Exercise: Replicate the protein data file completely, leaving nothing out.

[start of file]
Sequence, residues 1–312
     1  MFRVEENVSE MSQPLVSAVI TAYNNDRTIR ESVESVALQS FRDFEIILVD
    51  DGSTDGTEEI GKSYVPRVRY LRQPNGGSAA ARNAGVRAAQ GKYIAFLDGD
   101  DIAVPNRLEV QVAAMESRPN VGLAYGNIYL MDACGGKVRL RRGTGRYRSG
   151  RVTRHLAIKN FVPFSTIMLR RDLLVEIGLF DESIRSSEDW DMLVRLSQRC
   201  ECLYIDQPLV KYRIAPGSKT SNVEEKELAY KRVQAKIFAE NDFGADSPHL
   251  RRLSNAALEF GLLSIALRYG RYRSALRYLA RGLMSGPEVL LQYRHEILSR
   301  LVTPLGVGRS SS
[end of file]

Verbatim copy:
Sequence, residues 1–312
     1  MFRVEENVSE MSQPLVSAVI TAYNNDRTIR ESVESVALQS FRDFEIILVD
    51  DGSTDGTEEI GKSYVPRVRY LRQPNGGSAA ARNAGVRAAQ GKYIAFLDGD
   101  DIAVPNRLEV QVAAMESRPN VGLAYGNIYL MDACGGKVRL RRGTGRYRSG
   151  RVTRHLAIKN FVPFSTIMLR RDLLVEIGLF DESIRSSEDW DMLVRLSQRC
   201  ECLYIDQPLV KYRIAPGSKT SNVEEKELAY KRVQAKIFAE NDFGADSPHL
   251  RRLSNAALEF GLLSIALRYG RYRSALRYLA RGLMSGPEVL LQYRHEILSR
   301  LVTPLGVGRS SS